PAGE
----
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Palestinians seek permits to work in Israel amid deteriorating economy

 
Gaza, Oct 8 (IANS) Thousands of Palestinians gathered for the second day in a row in front of the headquarters of the Chamber of Commerce in Gaza to apply for permits to work in Israel amid a deteriorating economy.

In 2007, Israel imposed a tight blockade on the coastal enclave, home to more than 2 million people, right after the Hamas forcibly seized it, reports Xinhua news agency.

The blockade has led to the deterioration of the economic situation in the Gaza Strip.

The poverty rate among the Gaza residents has risen to 53 per cent, while the extreme poverty rate has reached 33.8 per cent, according to the latest official statistics issued by the Palestinian Central Bureau of Statistics.

"For more than three years, I could not buy any clothes for my three kids," Mohammed al-Zaharna, a resident from Gaza, told Xinhua.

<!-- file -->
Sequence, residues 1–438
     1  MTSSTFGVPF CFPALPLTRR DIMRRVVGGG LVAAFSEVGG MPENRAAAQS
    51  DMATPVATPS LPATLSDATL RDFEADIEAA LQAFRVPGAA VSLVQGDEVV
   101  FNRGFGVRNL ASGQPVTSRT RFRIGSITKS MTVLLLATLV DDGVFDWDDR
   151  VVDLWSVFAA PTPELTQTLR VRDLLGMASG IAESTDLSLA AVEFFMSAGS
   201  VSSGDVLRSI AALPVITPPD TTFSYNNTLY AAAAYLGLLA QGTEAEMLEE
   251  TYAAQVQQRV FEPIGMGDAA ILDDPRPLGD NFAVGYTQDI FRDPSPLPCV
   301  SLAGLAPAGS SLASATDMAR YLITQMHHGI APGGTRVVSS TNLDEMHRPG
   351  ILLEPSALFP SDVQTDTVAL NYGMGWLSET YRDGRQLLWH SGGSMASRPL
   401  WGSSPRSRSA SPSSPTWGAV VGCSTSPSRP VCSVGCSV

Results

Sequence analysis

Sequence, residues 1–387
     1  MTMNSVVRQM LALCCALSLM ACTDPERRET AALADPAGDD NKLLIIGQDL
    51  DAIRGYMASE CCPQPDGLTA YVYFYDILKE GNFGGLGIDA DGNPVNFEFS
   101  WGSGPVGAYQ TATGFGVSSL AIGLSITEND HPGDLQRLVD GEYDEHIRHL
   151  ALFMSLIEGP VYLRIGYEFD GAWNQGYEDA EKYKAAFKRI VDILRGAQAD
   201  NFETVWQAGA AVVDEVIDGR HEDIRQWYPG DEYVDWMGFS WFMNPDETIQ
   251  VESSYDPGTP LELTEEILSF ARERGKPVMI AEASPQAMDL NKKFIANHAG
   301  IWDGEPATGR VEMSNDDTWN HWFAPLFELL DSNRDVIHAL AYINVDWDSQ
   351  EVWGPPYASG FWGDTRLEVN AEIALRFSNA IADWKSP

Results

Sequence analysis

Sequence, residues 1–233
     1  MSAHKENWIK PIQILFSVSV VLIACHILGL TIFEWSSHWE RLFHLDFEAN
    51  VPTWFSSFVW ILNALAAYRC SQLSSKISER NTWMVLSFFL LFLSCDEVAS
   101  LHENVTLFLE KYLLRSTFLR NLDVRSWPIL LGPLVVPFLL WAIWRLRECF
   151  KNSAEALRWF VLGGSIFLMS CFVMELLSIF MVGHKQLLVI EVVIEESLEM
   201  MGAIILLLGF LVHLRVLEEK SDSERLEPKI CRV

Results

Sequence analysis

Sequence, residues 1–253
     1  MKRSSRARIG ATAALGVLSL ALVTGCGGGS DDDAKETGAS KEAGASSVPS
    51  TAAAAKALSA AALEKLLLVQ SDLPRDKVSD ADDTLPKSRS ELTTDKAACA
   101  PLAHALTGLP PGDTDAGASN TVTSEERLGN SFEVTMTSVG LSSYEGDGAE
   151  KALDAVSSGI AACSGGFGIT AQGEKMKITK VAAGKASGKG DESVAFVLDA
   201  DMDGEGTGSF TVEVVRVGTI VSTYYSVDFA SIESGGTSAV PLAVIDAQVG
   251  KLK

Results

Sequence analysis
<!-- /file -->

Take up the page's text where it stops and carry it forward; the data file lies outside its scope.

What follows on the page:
The 38-year-old driver said he graduated from university in 2009 while his wife graduated in 2010, but they have not found any job to keep their family afloat.

Moen Awwad, a 52-year-old carpenter from Gaza, told Xinhua that he was lucky to work inside Israel 17 years ago.

The father of nine said he built his four-floor house with the money he earned in Israel. "I was taking about $120 a day, but now I make about $200 a month," he added.

Before 2005, Israel allowed the Gazan workers to work inside its cities based on the Paris economic protocol signed between the Israelis and the Palestinians in 1994.

More than 12,000 Gazans worked then in Israel, contributing about 20 per cent of the economy in Gaza, according to Moen Rajab, a Gaza-based economist.

"If Israel allows workers to work inside it again, it will be a step that would achieve the interests of both sides," Rajab said, noting that "Israel needs qualified workers and it will also help the Palestinians, who will be able to overcome poverty and get a decent life".

He added that this will pump money into the markets in the Gaza Strip to achieve the economic recovery there.

--IANS
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